Early in my career, I had several instances of folks canceling their appointments with me last minute. Some were for emergencies with work or family, and some were for reasons such as “not being prepared to meet” or “not sure this is the avenue I want to take” or, in rare cases, saying nothing at all. It was easy to take that personally, but over the years I have come to realize that such cancelations or procrastination in general when meeting with a professional financial planner is often driven by fear.
Let me give you some context. When someone has a financial problem today, they often will hit the internet—Google, YouTube, a blogger whom they follow for answers. When answers are harder to come by, they might call a trusted friend or family member and ask for help. Getting even to this point takes time; the question may be put back on the shelf for another day. But let’s assume it is a big issue, like buying a new home and figuring out how to finance two homes for a time. This person will need answers, soon, and a professional advisor to help. From here, they may ask for a referral or hit up Google again for folks to call—but then it comes the call, scheduling, and SHOWING UP to the appointment. They have gone through five or more steps just to get to appointment day, and now they are ready to cancel.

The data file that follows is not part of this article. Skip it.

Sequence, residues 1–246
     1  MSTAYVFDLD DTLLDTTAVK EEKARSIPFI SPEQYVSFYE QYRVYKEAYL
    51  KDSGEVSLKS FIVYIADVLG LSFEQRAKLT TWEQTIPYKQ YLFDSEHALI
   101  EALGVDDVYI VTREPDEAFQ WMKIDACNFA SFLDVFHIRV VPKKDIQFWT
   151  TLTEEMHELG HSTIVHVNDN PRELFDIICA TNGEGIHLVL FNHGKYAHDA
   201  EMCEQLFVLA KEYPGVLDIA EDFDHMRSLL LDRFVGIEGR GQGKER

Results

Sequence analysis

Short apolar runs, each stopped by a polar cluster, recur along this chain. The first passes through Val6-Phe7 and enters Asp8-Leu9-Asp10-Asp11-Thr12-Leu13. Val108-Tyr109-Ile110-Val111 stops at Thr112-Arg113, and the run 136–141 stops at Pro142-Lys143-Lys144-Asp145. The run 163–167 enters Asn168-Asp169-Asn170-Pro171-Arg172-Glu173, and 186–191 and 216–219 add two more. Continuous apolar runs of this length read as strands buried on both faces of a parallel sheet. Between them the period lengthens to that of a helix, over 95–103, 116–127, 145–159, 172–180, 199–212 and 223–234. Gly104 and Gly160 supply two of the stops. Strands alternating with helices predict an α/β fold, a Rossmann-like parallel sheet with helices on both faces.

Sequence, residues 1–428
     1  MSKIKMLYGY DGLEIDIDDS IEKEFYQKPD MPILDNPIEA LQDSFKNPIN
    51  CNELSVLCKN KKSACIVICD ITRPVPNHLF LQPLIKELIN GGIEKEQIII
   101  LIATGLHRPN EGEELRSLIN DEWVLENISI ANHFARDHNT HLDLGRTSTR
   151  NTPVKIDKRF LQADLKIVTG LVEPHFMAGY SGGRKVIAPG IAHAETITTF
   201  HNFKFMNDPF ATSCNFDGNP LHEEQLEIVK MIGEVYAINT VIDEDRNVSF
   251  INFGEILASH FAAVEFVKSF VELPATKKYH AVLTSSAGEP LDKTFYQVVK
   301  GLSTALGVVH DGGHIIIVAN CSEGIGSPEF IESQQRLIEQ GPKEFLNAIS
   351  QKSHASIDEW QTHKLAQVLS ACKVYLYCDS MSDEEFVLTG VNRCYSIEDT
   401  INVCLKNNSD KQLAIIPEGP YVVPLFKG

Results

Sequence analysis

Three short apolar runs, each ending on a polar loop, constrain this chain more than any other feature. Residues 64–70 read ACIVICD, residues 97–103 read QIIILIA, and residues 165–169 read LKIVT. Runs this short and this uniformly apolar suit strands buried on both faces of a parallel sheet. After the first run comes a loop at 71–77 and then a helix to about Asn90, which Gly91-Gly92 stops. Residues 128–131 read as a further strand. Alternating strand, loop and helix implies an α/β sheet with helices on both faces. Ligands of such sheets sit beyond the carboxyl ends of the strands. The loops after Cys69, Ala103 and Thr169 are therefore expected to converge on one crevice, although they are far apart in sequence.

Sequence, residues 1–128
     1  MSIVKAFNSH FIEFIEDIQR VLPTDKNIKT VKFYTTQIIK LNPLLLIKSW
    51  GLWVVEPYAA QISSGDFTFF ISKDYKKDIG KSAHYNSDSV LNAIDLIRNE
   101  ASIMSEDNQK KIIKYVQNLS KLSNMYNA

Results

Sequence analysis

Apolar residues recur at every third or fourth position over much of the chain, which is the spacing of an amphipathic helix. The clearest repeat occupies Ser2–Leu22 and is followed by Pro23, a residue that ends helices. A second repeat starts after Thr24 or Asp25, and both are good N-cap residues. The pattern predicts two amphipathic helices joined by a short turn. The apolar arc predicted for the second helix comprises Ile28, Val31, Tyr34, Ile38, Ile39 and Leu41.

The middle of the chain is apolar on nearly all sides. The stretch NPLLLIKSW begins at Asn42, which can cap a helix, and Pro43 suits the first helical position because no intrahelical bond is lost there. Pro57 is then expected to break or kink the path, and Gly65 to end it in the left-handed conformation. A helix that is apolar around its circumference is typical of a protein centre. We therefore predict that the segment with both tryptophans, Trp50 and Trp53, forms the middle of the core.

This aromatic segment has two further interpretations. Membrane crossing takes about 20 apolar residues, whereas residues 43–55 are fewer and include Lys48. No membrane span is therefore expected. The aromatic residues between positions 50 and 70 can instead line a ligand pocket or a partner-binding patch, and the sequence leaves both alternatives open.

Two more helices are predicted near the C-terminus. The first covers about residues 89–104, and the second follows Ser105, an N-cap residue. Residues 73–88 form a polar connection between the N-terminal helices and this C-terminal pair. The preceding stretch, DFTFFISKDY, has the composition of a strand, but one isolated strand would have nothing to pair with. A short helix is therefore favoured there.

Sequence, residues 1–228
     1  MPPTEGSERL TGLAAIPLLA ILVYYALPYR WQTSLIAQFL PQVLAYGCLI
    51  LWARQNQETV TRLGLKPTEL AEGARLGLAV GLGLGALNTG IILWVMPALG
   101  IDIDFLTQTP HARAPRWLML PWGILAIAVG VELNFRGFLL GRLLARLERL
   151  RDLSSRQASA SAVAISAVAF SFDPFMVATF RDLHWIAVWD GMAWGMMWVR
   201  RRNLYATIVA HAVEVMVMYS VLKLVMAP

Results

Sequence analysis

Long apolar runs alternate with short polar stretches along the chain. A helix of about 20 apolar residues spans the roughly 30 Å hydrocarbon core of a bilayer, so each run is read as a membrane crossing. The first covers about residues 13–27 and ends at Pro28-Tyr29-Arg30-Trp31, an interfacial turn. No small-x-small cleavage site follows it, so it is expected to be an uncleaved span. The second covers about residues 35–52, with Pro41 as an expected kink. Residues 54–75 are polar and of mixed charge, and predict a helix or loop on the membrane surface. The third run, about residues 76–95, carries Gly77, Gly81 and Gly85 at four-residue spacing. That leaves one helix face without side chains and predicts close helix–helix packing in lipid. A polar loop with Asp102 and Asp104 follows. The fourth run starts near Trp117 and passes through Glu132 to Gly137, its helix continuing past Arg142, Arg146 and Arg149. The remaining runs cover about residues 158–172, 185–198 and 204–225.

Why? We live in a world where finances are not often discussed, even amongst our closest family. We have been taught that you don’t discuss it, and then we are bombarded for years with the Joneses’ owning the next big, expensive item. Facebook and Instagram have shown us the best of other people’s lives; and by comparison, we feel inadequate, even if our financial road has been relatively free of detours. This feeling can make it difficult to approach a professional and lay out our financial truth. But I am here to say that it doesn’t have to be.